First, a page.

By Michael Booth
The Denver Post
MADISON, WIS.: Thirty-six hours on a bus numbs the body, but it can focus the mind on increasingly unpleasant facts. What else to do, through hundreds of look-alike miles of Nebraska and Iowa, but count the minutes since your last shot of heroin? Angel had thinned out and stretched out her doses to make them last the long bus trip.
By a late August afternoon near Eau Claire, Angel's stomach hurt, she was too irritable to talk, and her nose was running. Her teeth now ached, too — the constant opiates had masked the pain of decay.Hours later, she was home.Waiting at a curbside drop-off in Madison were her mom, her older sister, her uncle and her grandfather. Angel pulled back her hoodie and descended from the bus with two goals in mind: "Finding a stable dose of methadone that works for me," and, "making amends with my family."Yet when she embraced her mother, it looked like she was hugging a cactus. Her family rallied around her in August when she finally accepted her dad's offer of a bus ticket home. But in the past, her family has been as much problem as solution. Among them, Angel's immediate family has more than 50 entries in the Wisconsin judicial database. "My family keeps telling me they'll help me with whatever they can so I can get through it," Angel said.But in the next breath, she adds: "My dad takes pills, but he only takes them for pain when he has to. My mom is on methadone, and she drinks a lot now. My sister, from what she says, is on the straight and narrow and doesn't do any drugs."The day after arriving on the bus, Angel stayed at her grandparents', the most stable home in the family. She took her last Denver dose of heroin that morning, and by evening, it was wearing off. Angel alternated between lying on the couch and watching television, holding her stomach, and coming outside to the shaded patio of the trailer home to smoke and listen to family stories.Lynne, Angel's mother, found a framed photo of the family posed in sweaters and smiles for a formal Christmas portrait, when Angel was about 9 years old. Angel looked at it, then looked away with a sad smirk. "We were happy then," she said. Lynne shushes her, saying they can be happy now, too.
She sees Angel carry out a yogurt drink from the kitchen and fusses over her, saying she knows how hard it is to wean off drugs. "Those are good for you. Suck it up, buttercup," she said.Then Lynne talked about the growing homeless and drug-addiction problem in Madison and surrounding rural counties. "I'm a softie; I get taken by the same (liars) every time, holding their signs," she said. Angel listened to this, bent over with a cigarette and then went indoors. Lynne suddenly realizes her daughter held such a sign just three days ago to raise drug money for the trip home. "I try to be sensitive to what she's been through," Lynne said, then turned her anger on Joe, in prison. "I had her boyfriend on this porch last July say, 'Your daughter can make $80 to $100 a day!' That's not the dream I had for my daughter."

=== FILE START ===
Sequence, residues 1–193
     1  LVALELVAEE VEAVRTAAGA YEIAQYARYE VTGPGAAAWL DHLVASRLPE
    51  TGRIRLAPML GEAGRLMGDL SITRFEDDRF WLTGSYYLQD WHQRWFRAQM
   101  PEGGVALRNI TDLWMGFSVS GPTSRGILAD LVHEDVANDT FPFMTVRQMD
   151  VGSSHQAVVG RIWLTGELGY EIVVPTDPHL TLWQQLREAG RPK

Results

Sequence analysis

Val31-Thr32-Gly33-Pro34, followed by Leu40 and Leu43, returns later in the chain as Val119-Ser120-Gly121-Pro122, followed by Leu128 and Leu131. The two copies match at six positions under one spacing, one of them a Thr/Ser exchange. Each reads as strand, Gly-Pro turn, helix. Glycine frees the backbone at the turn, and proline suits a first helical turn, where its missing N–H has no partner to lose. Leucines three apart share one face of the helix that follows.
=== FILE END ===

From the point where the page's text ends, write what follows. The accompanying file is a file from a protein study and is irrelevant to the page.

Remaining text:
Joe, 90 miles away behind barbed wire and concrete, said that's not his dream for Angel anymore either. His dream is for her to kick heroin without using methadone as a crutch, the same way he did after getting arrested in Denver at the beginning of the year. She's more than tough enough to pull it off, he said."I think if she just suffered ... she's already suffered a lot in life, and I would never want to see her suffer, but three weeks. That one day when she woke up and didn't feel that sickness anymore. Then she'd know," he said. "She's stronger than me, a million times."As beholden as she's been to his opinions in the past, Angel felt her body wasn't strong enough to try it his way. Her mom was overcoming her opioid-painkiller habit through Suboxone and methadone, and Angel wanted to get into the same clinic. They had tried the day after she arrived home. First the clinic wanted a Wisconsin ID, which would take Angel another day to get. Then they said the next appointment she could get with a prescribing doctor would be the following Wednesday, six days away. Lynne and Angel got on the phone. Striking up again with friends who deal is one of the most dangerous things a struggling junkie can do, treatment experts say. Yet those same risky acquaintances can fill the craving gaps. This is the very reason clinics handle addicted clients with frustrating restrictions: There is a black market for any prescription drug.
The rules and the laws are just obstacles to getting what you need to stay functional, Lynne believes. She doesn't see it as a moral minefield. Drinking has hurt just as many people in her family as opiates have. "Every substance is a drug," she said. "It's just different degrees of it."While Angel struggles to get off opiates, the temptations around her in south-central Wisconsin are only growing worse. Heroin-overdose deaths in young people ages 15-24 jumped from 198 nationwide in 1999 to 510 a decade later, according to federal statistics.